Flying Again

Friday night in Melbourne was a bit of a washout – well for my purposes it was. I wanted somewhere where I could site outside and have a beer and a smoke whiling away the hours before my flight – my flight was at 6.25am Saturday morning so I figured I’d head to the airport and sit it out.

I found one place that suited my purposes – the Melbourne Hotel or the such but it closed after 15 minutes because it wasn’t busy enough. Not busy enough – at 9pm on a Friday night. Not many pubs back home have a similar problem of people not wanting to drink in them, but then again I am getting the idea that with 20 million people in a country 1.5 times the size of Europe there is a lot of competition for limited livestock.

So I headed to the airport and waited it out, dining on a breakfast at McDonalds as nothing else was open – I had survived on nothing but fruit and yoghurt on my trip around the great ocean road and was saving myself for a laksha at the airport, but McDonalds it was to be…

The Grampians, Halls Gap and Mckenzie Falls

I slept in the car again last night as it was too dark to find hammock space in Port Fairy, so I reclined in a dark spot off of the highway with a six pack of cold beers and the radio to keep my company. I had a wonderful evening howling along with the songs.

The next day I drove through the heat hoping to find cooler air up in the Grampian Mountains, but it was hot there too – 43 degrees Melbourne and probably the same or hotter inland.

But I did find this to swim in…

Mckenzie falls, for me the reason the Grampians came in to being. There is a big sign saying ‘don’t swim’ as you descend to the falls but it would have been a crime not to on such a hot day. The basin is deep and if I had had anyone to show off to I’d have been leaping off of high things, but as it was I just swam about steaming off the heat of the day until the sun went down.

Then I went and sat here…

Which was a lovely place to ponder for a while.

Later on I managed to find a place to pop my hammock up in a wooded clearing, I paid the $14 camping fee as it was going to a good cause and slept for 12 hours straight.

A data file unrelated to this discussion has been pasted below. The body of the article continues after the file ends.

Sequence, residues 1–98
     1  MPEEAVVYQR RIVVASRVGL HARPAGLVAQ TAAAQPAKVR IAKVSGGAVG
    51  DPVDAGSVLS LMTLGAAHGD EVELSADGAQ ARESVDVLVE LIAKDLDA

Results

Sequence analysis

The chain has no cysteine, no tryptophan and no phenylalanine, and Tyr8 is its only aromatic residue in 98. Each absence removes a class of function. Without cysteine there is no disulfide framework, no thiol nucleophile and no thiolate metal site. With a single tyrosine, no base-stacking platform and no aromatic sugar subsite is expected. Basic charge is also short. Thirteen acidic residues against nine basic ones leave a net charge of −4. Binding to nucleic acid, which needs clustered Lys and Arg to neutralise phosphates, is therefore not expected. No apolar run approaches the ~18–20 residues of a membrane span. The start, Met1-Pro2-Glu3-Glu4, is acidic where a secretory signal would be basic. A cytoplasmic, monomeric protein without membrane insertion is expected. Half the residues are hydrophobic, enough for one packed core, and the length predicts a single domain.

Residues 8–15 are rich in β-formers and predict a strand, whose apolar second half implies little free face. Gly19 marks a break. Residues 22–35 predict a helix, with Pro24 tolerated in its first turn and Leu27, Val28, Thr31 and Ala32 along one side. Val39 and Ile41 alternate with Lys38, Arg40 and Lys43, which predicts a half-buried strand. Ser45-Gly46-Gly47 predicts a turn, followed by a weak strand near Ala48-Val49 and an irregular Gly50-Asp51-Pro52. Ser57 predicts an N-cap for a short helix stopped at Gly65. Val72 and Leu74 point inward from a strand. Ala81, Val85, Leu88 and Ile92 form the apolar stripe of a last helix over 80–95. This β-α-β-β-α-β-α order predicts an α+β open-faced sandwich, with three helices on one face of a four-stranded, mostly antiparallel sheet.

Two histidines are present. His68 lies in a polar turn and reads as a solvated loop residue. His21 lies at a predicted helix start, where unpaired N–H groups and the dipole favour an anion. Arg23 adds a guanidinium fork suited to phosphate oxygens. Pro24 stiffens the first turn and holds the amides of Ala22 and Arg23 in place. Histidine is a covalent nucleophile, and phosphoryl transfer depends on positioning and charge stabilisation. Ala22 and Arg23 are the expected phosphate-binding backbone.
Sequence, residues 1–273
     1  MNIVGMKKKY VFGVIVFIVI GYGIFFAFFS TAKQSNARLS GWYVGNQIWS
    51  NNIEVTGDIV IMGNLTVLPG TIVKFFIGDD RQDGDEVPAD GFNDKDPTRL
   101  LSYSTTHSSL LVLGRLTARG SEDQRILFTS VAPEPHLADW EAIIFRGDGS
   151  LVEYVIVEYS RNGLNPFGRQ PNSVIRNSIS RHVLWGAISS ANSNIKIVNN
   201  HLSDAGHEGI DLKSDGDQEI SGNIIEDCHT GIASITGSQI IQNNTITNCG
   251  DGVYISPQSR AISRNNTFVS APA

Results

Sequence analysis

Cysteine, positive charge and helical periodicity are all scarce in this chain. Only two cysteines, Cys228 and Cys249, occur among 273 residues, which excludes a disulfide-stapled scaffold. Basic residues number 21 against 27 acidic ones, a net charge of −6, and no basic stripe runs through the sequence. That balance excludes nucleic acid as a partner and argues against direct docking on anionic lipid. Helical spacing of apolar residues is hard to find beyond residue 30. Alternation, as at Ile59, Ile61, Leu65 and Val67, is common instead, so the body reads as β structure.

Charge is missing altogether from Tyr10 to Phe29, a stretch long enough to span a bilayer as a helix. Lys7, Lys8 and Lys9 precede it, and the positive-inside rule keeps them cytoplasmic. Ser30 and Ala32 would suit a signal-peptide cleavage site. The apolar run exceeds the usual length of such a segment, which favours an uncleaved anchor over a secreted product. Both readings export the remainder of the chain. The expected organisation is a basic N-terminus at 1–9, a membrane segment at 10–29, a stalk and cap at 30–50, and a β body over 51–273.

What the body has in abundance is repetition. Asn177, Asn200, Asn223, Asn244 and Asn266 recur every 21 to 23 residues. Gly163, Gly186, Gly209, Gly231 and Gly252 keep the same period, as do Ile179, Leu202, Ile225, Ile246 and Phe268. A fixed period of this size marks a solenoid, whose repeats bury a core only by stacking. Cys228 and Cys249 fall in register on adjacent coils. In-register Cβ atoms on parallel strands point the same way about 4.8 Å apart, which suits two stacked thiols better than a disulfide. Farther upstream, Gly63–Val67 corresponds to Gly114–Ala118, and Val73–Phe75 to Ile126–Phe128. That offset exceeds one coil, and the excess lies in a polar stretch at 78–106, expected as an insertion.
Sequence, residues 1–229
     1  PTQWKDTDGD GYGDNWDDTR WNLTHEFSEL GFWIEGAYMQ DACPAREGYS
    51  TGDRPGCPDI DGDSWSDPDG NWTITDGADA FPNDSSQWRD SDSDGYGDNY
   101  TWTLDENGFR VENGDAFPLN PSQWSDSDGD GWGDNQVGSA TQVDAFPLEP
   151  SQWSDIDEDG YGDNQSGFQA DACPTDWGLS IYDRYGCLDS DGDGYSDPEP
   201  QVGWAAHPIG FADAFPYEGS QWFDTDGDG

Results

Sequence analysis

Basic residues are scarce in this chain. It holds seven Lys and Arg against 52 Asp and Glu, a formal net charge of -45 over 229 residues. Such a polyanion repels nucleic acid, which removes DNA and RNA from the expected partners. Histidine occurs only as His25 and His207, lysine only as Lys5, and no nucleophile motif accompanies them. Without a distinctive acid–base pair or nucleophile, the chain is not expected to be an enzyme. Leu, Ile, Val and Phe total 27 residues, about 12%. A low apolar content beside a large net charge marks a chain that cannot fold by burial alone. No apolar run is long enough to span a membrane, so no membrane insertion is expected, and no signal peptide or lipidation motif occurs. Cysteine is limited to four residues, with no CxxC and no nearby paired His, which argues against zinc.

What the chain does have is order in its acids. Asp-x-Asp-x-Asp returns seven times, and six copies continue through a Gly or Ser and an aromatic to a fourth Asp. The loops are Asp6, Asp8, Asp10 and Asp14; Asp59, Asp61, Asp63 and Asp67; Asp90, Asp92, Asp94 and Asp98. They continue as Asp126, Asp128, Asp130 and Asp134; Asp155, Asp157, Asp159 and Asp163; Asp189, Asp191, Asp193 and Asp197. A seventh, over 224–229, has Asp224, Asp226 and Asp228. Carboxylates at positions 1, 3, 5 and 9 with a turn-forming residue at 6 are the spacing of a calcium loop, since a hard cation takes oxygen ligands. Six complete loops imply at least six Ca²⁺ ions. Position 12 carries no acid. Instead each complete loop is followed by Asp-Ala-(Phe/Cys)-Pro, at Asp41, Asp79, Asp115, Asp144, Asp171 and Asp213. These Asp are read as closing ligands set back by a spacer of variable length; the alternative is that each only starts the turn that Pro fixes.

Diving

I parked the car in a parking bay by the side of the road and looked out at the panapoly of stars in the sky, the lack of light pollution here means there is no shortage of stars. I could hear the sea in the distance but had no idea that I would wake to the sunrise that greeted me.

After breakfast of yoghurt and strawberries I headed off into the heat of one of the hottest spells I have experienced so far. The temperature in Melbourne was 43 degrees and it would have been around the same here as just getting out of the car was like walking into an oven.

I stopped off at a few tourist attractions like the 12 Apostles, of which there are fewer now as they are collapsing – these are giant rock stacks in the sea that are impressive and worth a view, the last time I saw geology like this was in Mauritania, another dry place. The string of tourists stopping off at each attraction made me feel a bit like I was on a production line but the views were worth it.

Now I don’t like to complain about the heat as I do have readers in the chilly English winter that would swap their mothers for a day of heat, but I felt the need to find some cooling down. The answer came in the form of a dive shop, I drove past, reversed, hopped in and within an hour I was diving off of a place called Warrnambool amongst the surging swells of the kelp strewn bay.

The dive was fun after I settled in to it and after twenty minutes I found myself reclining as the strong swell threw me backwards and forwards off of the reef. The other divers were searching for Crayfish but I felt happy enough to just bob about in the cool water, when we got out my temperature was cool enough to handle any heat.

After this I drove to a wonderful place called Port Fairy and jumped into the sea in a lagoon that allows for good swimming due to the lack of surf.